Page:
Brexit stitch-up: EU treats UK like ‘treasure trove’ while letting Germany off the hook

Jacob Rees-Mogg suggests way to avoid Brexit divorce bill

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Jayne Adye, director of the grass-roots, pro-Brexit campaign group Get Britain Out, writing in her weekly update, contrasted the EU’s treatment of Britain with that of Germany, whose car industry saw £1billion in fines waived by the European Commission earlier this week. Ms Adye was speaking after new figures published by the Commission put the total Britain owes at £40.8billion – with Downing Street publicly rejected the estimate.

She said: “This is an increase of nearly £2billion on the original estimates made by the UK Office for Budget Responsibility.

“What makes this hike in demands somehow worse though, is the fact we could all see it coming as soon as Theresa May conceded to paying a ‘Divorce Bill’ in the first place.

“The EU will continue to try and demand more and more money at every opportunity, with almost no logic behind their demands.”

The bill had been issued by the EU’s Court of Auditors, which Ms Adye accused of failing to audit the bloc’s accounts for decades, and of “ignoring swathes of errors” every year.

She asked: “How is this body authorised to try and demand billions more from the UK when they cannot even get their own accounts correct?

“It’s a fact the EU’s accounts have never ever been fully signed off, so why should we accept their auditors’ figures now, unless they go back 26 years to prove what they have already taken from us – and we have paid in good faith – is accurate?”

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Referring to Express.co.uk’s story on Friday, based on an report by the Facts4EU think tank, Ms Adye said: “To make this even more laughable, in the past 2 days the EU has both issued and then written off over €1.1billion in fines to German car manufacturers for breaches to emissions standards.

“This proves the EU clearly doesn’t need the money from the UK if they can afford to forgive and forget these debts to German companies.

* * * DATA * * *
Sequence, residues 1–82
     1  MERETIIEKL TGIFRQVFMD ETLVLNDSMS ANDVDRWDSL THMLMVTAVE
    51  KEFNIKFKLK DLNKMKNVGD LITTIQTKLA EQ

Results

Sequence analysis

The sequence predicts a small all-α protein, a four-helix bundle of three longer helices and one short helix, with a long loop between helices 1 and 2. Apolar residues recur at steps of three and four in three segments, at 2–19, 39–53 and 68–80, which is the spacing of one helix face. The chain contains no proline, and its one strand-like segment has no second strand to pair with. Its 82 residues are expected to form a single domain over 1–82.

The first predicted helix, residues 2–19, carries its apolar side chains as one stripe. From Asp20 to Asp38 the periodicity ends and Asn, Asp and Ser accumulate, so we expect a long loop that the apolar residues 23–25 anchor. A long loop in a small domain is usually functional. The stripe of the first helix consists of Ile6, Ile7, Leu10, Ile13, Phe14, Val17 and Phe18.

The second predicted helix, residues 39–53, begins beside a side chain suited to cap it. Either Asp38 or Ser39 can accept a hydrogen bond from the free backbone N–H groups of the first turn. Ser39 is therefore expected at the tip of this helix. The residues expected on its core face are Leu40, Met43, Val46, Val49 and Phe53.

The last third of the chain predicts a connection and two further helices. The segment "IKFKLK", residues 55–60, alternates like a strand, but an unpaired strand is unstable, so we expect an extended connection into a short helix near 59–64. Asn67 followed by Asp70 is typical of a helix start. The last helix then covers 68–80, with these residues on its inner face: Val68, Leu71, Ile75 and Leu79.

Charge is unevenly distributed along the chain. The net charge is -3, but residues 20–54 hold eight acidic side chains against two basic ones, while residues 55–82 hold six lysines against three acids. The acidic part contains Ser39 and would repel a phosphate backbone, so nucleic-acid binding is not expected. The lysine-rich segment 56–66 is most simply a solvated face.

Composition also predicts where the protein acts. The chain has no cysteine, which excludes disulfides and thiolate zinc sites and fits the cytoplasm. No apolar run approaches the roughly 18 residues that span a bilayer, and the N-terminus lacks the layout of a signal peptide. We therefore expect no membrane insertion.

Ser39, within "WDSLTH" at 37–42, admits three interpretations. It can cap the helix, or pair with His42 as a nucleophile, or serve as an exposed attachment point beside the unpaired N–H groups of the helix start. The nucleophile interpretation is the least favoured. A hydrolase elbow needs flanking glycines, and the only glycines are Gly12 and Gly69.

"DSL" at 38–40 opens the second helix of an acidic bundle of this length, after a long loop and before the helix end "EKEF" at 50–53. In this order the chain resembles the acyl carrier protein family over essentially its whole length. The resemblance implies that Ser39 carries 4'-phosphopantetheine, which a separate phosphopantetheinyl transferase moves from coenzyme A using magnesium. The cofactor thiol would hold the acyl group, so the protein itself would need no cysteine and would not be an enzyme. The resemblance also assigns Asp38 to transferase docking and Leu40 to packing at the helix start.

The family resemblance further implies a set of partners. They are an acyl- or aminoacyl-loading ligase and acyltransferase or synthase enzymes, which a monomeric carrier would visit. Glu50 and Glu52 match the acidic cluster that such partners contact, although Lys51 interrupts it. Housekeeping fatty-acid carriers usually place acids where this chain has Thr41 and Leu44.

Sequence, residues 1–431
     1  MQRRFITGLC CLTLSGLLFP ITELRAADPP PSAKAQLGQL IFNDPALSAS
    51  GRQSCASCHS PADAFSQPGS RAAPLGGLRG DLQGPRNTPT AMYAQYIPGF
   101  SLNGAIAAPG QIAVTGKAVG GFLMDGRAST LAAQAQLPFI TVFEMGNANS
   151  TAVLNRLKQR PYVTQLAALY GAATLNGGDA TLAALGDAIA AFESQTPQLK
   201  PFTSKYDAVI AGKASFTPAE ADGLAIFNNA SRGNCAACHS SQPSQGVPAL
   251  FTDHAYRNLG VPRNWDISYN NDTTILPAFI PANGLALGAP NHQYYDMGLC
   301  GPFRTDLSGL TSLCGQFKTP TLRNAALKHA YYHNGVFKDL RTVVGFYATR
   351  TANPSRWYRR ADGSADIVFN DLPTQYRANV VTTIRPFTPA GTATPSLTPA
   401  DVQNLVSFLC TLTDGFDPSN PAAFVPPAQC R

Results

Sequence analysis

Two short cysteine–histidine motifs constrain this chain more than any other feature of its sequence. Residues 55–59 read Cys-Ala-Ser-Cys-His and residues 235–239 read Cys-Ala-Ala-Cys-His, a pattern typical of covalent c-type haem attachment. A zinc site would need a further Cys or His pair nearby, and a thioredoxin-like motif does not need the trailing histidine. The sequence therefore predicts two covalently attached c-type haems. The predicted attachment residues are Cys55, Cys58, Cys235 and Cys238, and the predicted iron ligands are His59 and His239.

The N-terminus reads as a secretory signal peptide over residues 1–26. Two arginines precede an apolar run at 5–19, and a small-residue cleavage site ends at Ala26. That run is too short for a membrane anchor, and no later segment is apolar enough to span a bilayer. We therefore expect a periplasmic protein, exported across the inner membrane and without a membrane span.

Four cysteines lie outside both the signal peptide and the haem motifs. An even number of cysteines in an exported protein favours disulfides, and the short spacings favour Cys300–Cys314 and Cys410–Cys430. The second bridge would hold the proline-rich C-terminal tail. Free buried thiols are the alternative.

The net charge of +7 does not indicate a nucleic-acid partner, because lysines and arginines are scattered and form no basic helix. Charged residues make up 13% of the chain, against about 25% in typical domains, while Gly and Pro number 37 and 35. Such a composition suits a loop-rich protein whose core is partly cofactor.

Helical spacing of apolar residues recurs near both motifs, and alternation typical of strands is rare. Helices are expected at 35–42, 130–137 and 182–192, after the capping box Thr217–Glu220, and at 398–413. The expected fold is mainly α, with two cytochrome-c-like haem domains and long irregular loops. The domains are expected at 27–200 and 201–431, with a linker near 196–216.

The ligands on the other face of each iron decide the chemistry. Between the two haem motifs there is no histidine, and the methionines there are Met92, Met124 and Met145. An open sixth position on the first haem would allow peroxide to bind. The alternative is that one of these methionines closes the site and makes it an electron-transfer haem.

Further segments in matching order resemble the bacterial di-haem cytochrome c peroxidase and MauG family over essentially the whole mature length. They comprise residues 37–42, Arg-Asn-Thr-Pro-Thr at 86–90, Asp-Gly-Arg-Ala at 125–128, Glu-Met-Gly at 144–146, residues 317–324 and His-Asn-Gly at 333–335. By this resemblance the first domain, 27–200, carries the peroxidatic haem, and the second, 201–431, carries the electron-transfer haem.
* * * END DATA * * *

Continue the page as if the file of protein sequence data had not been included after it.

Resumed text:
“Or as is more likely, the EU continues to see the UK as their ‘Treasure Trove’ which can cough up more and more money whatever their demands.”

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As for the UK’s response, Ms Adye urged Prime Minister Boris Johnson to challenge the EU’s figures and tell European Commission President Ursula von der Leyen she will not get a penny more than was originally agreed.

Ms Adye said: “This cannot be up for debate because as with so many other areas of negotiations with the EU, if we simply succumb to their demands, they will keep on trying the same tactics time and time again.

“This is UK taxpayers’ money and it should be spent on OUR priorities now, not paying for Federalist-inspired EU projects.”

Speaking yesterday, a Commission spokesman said: “We have already informed the UK Government about the payments that they have to do with regard to the first part of this year and they’ve already in fact paid part of the amount concerned.

“Therefore, we have absolutely no indications at this point in time that the bill, or the amount that we’ve calculated will be contested.”

However, referring to the £40.8billion total, a Number 10 spokesman said: “We don’t recognise that figure, it’s an estimate produced by the EU for its own internal accounting purposes.

“For example it doesn’t reflect all the money owed back to the UK which reduces the amount we pay.

“Our estimate remains in the central range of between £35-39bn and we will publish full details in Parliament shortly.”

As a result of the Brexit negotiations, a deal was struck whereby the UK will pay the EU a sum covering pension contributions for EU staff in addition to funding for three EU research programmes from 2021-27.

In turn the UK will get back roughly £3billion paid into the European Investment Bank, plus £50million which it had in the European Central Bank.

The UK will also get a share of any fines paid to the EU which were imposed before the end of last – a figure likely to add up to £1.2billion.

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